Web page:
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    Yes due to admin hassle. There's already enough of it. Otherwise you'd have to find out who died. So if your alive by the time you cast your ballot it counts.
    Vera Says:
    Masturbation > women

  3. #3
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    I agree with RXP

  4. #4
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    But how do you guard against voter fraud? What's to prevent me from voting for multiple deceased people? The best way to prevent that is to purge the dead from a list of eligible voters.
    “It is a strange paradox that today’s central banks are generally staffed by economists, who by and large profess a belief in a theory which says that their jobs are, at the best, unnecessary, and more likely wealth-destroying. Needless to say, this is not a point widely discussed among respectable economists. Nevertheless, it is an issue worth pondering.”

    George Cooper, The Origin of Economic Crises

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    Quote Originally Posted by Mota Boy

    On one hand, they won't be affected by the next administration.
    [jesus]
    It's generally known Bush has a direct link to God.

    anyway this sorta reminds me of the whole slavepower thing, but yeah they should be counted.
    [/jesus]
    #N/A

  6. #6
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    Quote Originally Posted by RXP
    Yes due to admin hassle. There's already enough of it. Otherwise you'd have to find out who died. So if your alive by the time you cast your ballot it counts.
    I agree too with RXP

  7. #7
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    Quote Originally Posted by Mota Boy
    But how do you guard against voter fraud? What's to prevent me from voting for multiple deceased people? The best way to prevent that is to purge the dead from a list of eligible voters.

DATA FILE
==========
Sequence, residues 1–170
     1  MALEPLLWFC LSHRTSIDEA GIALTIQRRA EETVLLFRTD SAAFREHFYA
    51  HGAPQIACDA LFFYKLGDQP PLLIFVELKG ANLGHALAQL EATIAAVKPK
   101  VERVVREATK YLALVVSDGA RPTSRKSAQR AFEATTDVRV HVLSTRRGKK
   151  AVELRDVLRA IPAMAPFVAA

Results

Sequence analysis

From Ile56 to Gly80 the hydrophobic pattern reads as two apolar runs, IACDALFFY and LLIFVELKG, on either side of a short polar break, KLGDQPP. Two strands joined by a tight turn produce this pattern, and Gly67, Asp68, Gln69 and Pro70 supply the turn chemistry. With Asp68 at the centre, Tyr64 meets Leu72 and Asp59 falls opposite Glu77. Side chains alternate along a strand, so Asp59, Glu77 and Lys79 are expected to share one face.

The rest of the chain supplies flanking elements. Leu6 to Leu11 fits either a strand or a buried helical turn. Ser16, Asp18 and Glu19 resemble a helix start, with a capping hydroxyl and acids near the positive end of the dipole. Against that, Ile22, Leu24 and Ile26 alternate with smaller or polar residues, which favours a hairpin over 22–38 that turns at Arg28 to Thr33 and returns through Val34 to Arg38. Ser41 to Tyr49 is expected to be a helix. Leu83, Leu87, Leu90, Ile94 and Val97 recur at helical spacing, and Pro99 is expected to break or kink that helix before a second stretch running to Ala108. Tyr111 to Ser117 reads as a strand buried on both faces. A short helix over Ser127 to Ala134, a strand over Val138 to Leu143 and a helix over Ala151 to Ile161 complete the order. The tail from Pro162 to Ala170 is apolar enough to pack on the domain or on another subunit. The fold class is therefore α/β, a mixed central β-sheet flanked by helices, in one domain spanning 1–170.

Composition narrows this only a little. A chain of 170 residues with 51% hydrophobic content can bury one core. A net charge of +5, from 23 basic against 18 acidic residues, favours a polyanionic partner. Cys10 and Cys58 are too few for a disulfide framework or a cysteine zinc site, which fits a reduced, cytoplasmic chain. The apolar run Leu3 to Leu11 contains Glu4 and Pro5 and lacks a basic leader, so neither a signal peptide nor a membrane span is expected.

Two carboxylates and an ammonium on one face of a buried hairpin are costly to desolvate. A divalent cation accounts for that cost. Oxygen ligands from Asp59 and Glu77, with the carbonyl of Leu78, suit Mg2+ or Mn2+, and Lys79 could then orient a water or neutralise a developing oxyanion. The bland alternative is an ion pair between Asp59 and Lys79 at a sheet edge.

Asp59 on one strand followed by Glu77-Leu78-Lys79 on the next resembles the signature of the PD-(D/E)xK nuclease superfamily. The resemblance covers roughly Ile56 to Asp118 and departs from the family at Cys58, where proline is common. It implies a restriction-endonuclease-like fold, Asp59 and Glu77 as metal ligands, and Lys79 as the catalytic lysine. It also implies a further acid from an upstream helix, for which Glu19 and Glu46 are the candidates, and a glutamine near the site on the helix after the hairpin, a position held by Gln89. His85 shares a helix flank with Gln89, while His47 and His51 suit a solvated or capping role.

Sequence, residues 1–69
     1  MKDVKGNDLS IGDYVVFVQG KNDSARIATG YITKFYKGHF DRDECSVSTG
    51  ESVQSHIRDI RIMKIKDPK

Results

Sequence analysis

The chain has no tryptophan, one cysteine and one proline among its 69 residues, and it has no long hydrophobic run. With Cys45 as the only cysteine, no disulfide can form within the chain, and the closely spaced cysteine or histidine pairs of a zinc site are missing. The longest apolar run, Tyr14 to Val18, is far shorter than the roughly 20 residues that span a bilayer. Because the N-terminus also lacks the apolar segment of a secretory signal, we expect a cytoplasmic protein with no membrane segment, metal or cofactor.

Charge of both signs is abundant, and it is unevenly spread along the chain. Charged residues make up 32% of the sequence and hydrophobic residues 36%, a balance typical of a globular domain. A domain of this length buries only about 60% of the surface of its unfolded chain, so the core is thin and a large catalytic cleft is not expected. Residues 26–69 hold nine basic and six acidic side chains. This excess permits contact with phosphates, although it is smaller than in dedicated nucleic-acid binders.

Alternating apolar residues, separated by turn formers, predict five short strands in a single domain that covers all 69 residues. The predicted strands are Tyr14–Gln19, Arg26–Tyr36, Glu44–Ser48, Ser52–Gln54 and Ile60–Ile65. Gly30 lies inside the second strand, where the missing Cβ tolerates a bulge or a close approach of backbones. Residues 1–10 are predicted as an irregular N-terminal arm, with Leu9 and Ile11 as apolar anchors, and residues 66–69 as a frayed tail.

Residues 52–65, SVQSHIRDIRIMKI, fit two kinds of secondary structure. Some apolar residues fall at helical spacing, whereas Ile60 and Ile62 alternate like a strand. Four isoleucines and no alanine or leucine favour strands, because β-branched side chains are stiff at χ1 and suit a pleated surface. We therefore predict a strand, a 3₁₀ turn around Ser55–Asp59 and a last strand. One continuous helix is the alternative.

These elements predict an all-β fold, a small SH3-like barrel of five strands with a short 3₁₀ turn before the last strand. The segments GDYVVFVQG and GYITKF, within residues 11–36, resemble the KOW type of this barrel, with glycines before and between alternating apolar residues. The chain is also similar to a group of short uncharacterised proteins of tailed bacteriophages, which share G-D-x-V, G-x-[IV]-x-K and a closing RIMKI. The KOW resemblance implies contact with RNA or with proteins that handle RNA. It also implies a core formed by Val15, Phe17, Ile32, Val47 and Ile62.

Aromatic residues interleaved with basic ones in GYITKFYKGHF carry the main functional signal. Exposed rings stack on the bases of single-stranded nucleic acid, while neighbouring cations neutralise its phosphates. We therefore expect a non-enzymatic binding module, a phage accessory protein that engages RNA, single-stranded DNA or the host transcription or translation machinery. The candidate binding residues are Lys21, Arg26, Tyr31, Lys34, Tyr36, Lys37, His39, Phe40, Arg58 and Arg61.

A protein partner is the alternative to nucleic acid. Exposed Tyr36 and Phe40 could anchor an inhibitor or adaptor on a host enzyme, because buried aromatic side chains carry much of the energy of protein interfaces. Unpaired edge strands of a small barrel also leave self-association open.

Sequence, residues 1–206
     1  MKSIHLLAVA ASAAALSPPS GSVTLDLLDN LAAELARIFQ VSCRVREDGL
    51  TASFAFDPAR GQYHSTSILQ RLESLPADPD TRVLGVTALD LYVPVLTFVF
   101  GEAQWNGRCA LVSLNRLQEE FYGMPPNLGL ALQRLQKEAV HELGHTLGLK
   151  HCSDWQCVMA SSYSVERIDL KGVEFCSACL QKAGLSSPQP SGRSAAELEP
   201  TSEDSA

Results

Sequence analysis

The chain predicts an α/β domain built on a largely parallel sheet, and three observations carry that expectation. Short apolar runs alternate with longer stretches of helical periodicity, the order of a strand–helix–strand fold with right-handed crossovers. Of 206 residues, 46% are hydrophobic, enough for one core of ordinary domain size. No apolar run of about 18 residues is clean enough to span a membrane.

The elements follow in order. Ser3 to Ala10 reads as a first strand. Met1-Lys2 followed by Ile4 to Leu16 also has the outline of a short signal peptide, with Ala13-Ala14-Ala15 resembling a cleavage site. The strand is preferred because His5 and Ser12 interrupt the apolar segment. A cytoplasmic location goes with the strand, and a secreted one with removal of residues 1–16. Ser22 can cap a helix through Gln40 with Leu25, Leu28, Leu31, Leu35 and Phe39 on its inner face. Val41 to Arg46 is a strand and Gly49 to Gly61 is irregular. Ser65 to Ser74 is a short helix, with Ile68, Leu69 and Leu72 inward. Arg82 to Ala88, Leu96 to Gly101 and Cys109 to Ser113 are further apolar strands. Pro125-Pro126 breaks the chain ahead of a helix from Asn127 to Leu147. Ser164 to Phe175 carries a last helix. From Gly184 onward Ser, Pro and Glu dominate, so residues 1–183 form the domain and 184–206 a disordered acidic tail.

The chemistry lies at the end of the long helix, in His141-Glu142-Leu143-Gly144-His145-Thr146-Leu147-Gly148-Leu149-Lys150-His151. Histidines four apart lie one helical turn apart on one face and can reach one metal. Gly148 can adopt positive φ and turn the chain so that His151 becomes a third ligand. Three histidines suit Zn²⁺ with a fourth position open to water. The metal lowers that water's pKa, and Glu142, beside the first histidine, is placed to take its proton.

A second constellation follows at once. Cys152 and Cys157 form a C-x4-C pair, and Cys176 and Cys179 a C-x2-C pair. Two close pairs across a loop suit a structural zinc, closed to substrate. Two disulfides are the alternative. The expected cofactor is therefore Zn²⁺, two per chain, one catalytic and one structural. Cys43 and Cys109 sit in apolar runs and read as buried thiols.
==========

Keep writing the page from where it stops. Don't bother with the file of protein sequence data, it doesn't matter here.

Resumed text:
Well, in order to receive the ballot in the first place you have to present credentials that you can vote in that precinct. If you satisfactorily complete the ballot, send it in, and then drop dead, I see no reason why that ballot should not count, especially if dead people can run for office (see also: John Ashcroft's loss in the race for a congressional seat to a dead man).

    But if you die before you can vote, or before you have filled out your absentee ballot, it should not count.

  8. #8
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    well, a lot of dead people already vote, its known as voter fraud, so what the fuck, make it part of the make a wish foundation.

  9. #9
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    Dead people can't vote, but zombies can.
    I hate myself....Irony is fucked

  10. #10
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    on a moral ground i think the votes should stand, but on a realistic level its a fairly dodgy thing, easily open to fraud.

    maybe a policy where those who are terminally ill or extremely old either dont vote or vote in a different way? but then it would be up to doctors to decide who votes or not.......

    it might seem stupid but i think the issue should be sorted, it can make a huge impact.